The Demon In The Teahouse by Dorothy HooblerThe Demon In The Teahouse by Dorothy Hoobler

The Demon In The Teahouse

byDorothy Hoobler, Thomas Hoobler

Paperback | November 3, 2005

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The beautiful, mysterious women of Japan are being killed one by one. The famous samurai Judge Ooka knows he will need help to solve the crimes, so he turns to his newly adopted son, fourteen-year-old Seikei. Determined to prove his worth as a samurai, Seikei goes undercover as a teahouse attendant in the exotic "floating city" of Yoshiwara, where demons lurk among the pleasure seekers and no one is safe-not even a samurai.
Dorothy and Thomas Hoobler are historians and authors of over sixty books, both fiction and nonfiction, mostly for young readers. They are the authors of the well-loved American Family Album series, including The Japanese American Family Album, which was named a Carter G. Woodson Honor Book in 1997.The Society for School Librarians Int...
Title:The Demon In The TeahouseFormat:PaperbackDimensions:192 pages, 6.9 × 5 × 0.6 inPublished:November 3, 2005Publisher:Penguin Young Readers GroupLanguage:English

The following ISBNs are associated with this title:

ISBN - 10:014240540X

ISBN - 13:9780142405406

Appropriate for ages: 9 - 12


Rated 4 out of 5 by from I enjoyed this one! The writing is simple, but the story is a good one. It is an interesting mystery infused with historical fact from feudal Japan. I felt immersed in the culture and wanted to find out what was going to happen to young Seikei.
Date published: 2017-02-11
Rated 4 out of 5 by from Enthralling "The Demon in the Teahouse" is a great book. Though I have never read its prequel, I was immediatley taken in by Seikei's story. The mystery begins fairly early and from then on it is a gripping read. Filled with suspense, secrecy, adventure, and the fragile and enchanting beauty of Japan, this story has everything a good mystery requires. The end was satisfying and definitely full of angst while the entire book kept me raking my brain for an answer to the mystery. Learning about samurais and geishas was also very interesting for I found Japan's customs to be very different from my own world. I recommend this book to all who are up for a mystery with a foreign twist.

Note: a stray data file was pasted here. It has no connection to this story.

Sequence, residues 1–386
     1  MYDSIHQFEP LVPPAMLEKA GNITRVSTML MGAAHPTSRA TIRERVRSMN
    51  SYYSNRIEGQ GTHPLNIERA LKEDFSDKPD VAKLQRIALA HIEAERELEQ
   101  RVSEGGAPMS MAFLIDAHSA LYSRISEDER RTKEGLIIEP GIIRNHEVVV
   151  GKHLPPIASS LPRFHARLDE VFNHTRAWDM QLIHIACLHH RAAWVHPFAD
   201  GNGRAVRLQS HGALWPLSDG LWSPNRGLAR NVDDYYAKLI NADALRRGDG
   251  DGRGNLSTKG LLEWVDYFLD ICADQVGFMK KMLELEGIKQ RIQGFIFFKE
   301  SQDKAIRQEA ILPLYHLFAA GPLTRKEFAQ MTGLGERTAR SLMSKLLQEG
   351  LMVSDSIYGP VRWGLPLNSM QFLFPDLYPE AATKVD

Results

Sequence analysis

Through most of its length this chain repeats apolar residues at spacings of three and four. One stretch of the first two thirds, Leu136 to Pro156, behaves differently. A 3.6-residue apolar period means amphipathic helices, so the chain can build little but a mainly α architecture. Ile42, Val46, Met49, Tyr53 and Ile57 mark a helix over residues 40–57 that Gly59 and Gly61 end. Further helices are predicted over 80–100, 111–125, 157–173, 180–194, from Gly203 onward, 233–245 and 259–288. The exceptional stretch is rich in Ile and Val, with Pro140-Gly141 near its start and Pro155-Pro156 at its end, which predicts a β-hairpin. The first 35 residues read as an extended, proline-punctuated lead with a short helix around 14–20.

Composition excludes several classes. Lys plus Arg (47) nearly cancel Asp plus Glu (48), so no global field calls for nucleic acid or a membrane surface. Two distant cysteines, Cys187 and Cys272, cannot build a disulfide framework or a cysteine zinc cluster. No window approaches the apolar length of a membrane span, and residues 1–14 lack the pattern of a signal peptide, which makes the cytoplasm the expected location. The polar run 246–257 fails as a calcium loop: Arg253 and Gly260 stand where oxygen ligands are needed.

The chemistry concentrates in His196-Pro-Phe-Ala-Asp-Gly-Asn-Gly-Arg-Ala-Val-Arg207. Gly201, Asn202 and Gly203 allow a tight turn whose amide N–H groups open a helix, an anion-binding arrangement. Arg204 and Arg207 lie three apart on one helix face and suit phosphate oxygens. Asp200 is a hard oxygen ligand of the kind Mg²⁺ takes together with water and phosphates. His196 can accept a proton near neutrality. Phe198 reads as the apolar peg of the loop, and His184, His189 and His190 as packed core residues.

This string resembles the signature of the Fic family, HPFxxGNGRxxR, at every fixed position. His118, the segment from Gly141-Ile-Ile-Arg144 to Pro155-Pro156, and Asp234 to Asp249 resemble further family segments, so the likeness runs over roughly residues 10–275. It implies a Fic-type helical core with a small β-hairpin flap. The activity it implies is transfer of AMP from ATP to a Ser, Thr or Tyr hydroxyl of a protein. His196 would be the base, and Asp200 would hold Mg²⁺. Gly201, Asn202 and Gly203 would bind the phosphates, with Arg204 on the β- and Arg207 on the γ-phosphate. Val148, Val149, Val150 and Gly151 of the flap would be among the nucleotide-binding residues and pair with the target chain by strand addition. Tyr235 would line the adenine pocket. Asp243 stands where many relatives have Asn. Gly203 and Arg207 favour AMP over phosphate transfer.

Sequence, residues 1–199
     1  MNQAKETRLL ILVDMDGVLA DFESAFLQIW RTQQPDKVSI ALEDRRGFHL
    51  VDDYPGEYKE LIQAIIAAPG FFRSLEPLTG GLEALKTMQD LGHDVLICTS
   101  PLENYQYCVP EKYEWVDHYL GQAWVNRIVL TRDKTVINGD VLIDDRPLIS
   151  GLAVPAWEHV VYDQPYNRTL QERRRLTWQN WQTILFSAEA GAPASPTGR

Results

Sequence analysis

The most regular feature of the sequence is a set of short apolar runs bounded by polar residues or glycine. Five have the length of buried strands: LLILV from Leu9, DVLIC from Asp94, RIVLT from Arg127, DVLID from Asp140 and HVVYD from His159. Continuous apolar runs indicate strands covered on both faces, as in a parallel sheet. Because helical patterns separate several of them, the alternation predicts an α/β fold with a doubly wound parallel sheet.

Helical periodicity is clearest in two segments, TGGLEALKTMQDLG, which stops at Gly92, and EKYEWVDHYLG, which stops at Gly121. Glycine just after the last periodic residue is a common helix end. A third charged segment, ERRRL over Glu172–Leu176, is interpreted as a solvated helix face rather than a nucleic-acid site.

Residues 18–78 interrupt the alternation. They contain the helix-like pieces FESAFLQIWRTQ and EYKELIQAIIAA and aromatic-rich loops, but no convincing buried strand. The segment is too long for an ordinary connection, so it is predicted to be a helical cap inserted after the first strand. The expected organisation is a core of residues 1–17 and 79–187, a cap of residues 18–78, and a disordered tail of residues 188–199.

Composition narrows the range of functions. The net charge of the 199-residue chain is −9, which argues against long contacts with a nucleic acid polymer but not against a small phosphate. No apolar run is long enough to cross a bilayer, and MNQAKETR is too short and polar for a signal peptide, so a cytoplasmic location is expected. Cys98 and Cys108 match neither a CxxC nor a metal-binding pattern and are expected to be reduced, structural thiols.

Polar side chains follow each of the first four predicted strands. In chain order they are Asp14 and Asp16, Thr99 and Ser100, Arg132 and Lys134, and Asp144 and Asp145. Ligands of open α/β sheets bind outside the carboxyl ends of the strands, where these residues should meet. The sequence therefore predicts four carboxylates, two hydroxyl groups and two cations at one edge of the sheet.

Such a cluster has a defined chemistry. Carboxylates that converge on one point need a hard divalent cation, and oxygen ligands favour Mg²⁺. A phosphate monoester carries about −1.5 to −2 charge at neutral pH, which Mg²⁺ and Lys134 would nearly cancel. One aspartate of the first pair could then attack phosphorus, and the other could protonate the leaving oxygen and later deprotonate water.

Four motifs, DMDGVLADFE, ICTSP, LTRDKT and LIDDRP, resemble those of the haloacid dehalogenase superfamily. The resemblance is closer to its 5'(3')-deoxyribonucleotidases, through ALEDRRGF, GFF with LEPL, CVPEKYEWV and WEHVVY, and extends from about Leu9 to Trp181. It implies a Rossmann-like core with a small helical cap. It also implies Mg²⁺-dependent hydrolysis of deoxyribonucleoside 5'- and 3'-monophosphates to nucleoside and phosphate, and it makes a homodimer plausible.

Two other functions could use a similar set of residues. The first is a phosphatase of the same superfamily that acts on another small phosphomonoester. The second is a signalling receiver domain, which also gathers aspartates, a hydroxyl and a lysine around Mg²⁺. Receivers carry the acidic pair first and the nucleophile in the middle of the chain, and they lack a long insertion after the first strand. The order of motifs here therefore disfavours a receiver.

Date published: 2006-08-02
Rated 5 out of 5 by from A great mystery book !!! The Demon in the Teahouse is a sequel to The Ghost in the Tokaido Inn and both of the mystery stories are set in Japan. Both stories are also written by historian Dorothy and author Thomas Hoobler. The story of The Demon in the Teahouse is set in 18th –century Japan. A fourteen-year-old boy named Seikei who was adopted by Judge Ooka was sent to the Teahouse of the Falling Cherry Blossoms to collect information about the fire cases which had happened in Edo. He also found out about the demon who had killed three geishas in Yoshiwara. While Seikei worked in the teahouse, he become endangered after meeting the suspect who was a geisha named Umae. By the way, Judge Ooka was a real person who was a friend and adviser of a shogun who ruled Japan from 1717 to 1744. I think this made the story more interesting and closer to the real life. I really liked this story. I thought this was a great mystery book. I was attracted by the cover of the book. One side shows a beautiful geishas and in the shade is a guy holding a sword. The suspenseful picture excited me. The book has a huge exciting mystery plot attracts the reader. When the plot seems to get boring, some mysterious would happen which attracts your curiosity to keep reading. You cannot stop until you have finished the story. One of the weaknesses of this book is that it does not have any explanation for the special vocabulary used. For example, words such as seppuku and tayu are not common words used in daily life. If we do not understand the words and the book does not give us an explanation, it may become a barrier for us to understand the story. The other weakness of this book is the plot near the ending. Near the end, there are too many details and it seems boring. The authors describe too much about the conversation between Seikei and the witness and how Seikei took the witness to see Judge Ooka. Although it is an important part of the story, it will be boring if there is too much detail in a part of the story which is not exciting. I think the book will be better if there were pictures of the characters in this book. This may help us get to know how beautiful the geishas were and also what the samurai look liked in 18th –century Japan. I suggest every teenager to this book. You can learn what courage is by reading this book. Even when he is in danger, Seikei still works hard in the teahouse to help Ooka solve the mystery crime. Seikei wants to prove himself worthy of being called a samurai. I think he was brave for a fourteen-year-old boy. This shows that even when things are difficult, if you have determination, you will be successful. You can learn about Japanese traditions, culture and history from reading this book. It is funny to discover new interesting things from countries you have not thought before. For example, after people had died in Japan, their head needed to be shaved and clothed in a white shroud that hid even the face. A knife must be placed on their lap. This custom allows the dead people to protect themselves against demons who might block their path to the afterlife. This is a chance for you to learn about Japan. Read the book as soon as you can.
Date published: 2006-04-20

Editorial Reviews

"The authors of [The]Ghost in the Tokaido Inn (1999) return to the Japan of nearly 300 years ago for another whodunit solidly clad in accurate historical and cultural detail. The expertly unraveled mystery, as well as the vivid, exotic setting and fast-moving plot, will delight fans of Lensey Namioka's historical thrillers."—Kirkus Reviews